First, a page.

In 2008, breast cancer killed 458,503 women worldwide. The incidence of breast cancer varies greatly around the world; the further you live from the equator, the higher the risk. Rates have increased significantly since the 1970s.
In 2009, Professor Cedric Garland’s group at the University of California at San Diego estimated that maintaining a 25(OH)D level between 40-60 ng/ml would prevent 75% of new cases in the USA.
However, vitamin D deficiency among breast cancer patients remains rampant. Dr. William Jacot and colleagues from Montpellier, France, recently measured vitamin D levels in 77 breast cancer patients. They found that 80% of all patients at the time of diagnosis were vitamin D deficient (<30 ng/ml) with 40% having levels below 20 ng/ml and 10% had levels below 10 ng/ml.
Jacot W, Pouderoux S, Thezenas S, Chapelle A, Bleuse JP, Romieu G, Lamy PJ. Increased prevalence of vitamin D insufficiency in patients with breast cancer after neoadjuvant chemotherapy. Breast Cancer Res Treat. 2012 May 6.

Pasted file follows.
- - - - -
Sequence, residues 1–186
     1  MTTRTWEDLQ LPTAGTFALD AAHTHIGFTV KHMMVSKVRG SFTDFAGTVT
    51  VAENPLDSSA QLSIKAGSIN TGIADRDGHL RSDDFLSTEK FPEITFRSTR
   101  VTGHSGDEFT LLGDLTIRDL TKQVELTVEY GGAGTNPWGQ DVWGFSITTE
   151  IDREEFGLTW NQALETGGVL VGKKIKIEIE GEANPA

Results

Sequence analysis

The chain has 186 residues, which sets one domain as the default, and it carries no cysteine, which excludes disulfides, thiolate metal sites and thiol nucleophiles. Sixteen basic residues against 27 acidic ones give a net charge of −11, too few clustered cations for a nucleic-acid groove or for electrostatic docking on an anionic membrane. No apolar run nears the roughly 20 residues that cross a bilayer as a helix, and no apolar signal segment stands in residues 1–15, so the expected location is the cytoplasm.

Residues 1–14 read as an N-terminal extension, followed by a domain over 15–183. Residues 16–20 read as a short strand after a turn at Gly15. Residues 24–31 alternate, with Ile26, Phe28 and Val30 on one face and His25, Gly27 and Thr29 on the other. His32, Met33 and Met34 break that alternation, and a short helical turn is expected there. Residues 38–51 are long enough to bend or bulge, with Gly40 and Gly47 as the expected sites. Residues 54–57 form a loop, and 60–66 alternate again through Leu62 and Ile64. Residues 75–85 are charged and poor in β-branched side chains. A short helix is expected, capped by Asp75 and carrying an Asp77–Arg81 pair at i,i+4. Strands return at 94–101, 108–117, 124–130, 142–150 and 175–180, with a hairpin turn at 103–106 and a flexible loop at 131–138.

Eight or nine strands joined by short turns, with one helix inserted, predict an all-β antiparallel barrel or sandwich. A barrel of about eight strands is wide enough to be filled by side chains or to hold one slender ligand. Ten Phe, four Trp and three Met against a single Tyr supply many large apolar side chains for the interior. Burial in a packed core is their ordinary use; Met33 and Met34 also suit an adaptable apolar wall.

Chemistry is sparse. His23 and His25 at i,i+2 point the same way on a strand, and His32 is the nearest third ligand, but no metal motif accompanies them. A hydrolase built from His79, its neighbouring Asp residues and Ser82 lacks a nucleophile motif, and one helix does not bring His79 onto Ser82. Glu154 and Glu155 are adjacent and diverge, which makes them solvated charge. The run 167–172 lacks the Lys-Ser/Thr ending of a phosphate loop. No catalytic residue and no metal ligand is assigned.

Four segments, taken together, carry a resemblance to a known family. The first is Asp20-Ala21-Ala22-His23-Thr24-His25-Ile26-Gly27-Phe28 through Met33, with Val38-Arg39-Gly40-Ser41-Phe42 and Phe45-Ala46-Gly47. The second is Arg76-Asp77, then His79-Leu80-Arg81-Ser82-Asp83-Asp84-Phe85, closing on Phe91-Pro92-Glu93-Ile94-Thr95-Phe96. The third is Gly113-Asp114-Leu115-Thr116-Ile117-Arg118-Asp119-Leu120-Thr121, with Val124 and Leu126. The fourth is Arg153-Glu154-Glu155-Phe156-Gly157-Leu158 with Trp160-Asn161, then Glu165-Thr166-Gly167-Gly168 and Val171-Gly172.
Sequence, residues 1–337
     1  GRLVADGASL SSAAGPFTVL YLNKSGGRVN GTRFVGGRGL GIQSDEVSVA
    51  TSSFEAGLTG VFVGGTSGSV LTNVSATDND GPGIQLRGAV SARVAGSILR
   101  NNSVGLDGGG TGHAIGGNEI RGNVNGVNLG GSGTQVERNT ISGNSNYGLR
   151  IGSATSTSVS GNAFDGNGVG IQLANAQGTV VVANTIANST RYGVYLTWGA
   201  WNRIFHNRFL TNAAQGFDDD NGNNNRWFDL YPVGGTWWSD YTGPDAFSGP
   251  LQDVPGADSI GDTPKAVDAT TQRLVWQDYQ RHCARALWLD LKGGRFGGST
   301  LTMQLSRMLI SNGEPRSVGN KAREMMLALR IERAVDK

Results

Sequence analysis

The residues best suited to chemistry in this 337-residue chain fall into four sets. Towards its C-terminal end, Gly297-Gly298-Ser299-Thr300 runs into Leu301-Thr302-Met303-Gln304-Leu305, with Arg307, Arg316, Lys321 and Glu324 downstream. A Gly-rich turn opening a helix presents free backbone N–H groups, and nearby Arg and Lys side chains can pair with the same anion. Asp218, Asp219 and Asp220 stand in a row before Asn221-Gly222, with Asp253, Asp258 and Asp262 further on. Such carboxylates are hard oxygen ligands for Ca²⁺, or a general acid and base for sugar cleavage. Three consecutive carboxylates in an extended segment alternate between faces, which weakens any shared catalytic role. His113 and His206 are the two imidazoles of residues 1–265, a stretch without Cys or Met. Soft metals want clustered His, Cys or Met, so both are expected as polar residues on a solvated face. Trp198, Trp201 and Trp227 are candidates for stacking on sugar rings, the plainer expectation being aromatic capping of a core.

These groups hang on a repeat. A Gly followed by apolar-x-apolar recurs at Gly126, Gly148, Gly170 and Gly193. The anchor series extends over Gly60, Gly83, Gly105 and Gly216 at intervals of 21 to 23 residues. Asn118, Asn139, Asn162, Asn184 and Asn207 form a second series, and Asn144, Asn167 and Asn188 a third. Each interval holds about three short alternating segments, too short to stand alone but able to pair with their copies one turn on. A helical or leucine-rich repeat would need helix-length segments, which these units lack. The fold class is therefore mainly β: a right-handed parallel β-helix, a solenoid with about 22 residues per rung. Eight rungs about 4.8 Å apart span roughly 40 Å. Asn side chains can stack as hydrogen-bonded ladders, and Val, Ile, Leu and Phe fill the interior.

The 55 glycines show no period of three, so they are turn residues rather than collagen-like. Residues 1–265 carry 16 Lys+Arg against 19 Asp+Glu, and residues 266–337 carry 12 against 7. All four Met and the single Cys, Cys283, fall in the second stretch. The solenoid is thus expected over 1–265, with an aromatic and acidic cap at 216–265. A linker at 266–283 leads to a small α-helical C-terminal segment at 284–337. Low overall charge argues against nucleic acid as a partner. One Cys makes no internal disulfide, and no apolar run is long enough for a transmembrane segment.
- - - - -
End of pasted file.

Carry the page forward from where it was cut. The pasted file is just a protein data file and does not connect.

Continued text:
Regrettably, after 18 months of standard chemotherapy, a period that included two summers, vitamin D levels were remarkably lower. After chemotherapy, 97% of all patients were deficient, with 50% below 20 ng/ml and almost one-fourth below 10 ng/ml. What happened to their vitamin D?
One explanation is that the women stopped going outside after diagnosis or that the chemotherapy drugs interacted with vitamin D. However, another explanation is that the breast cancer used up the vitamin D in fighting the breast cancer. Indeed, the authors state, “Many data support the hypothesis that vitamin D might have anti-cancer activity in breast cancer.”
To be sure, studies confirm that at diagnosis, patients with higher levels of vitamin D do better and live longer, and this includes breast, lung, colon, and prostate cancer This implies a treatment effect.
I do not understand why we must wait for randomized controlled trials while these women suffer and die. It appears from the above study by Jacot et al that some oncologists may not be giving any vitamin D at all. Instead, they are letting levels fall into the osteomalatic (adult rickets) range during chemotherapy. And osteomalacia is a painful disease.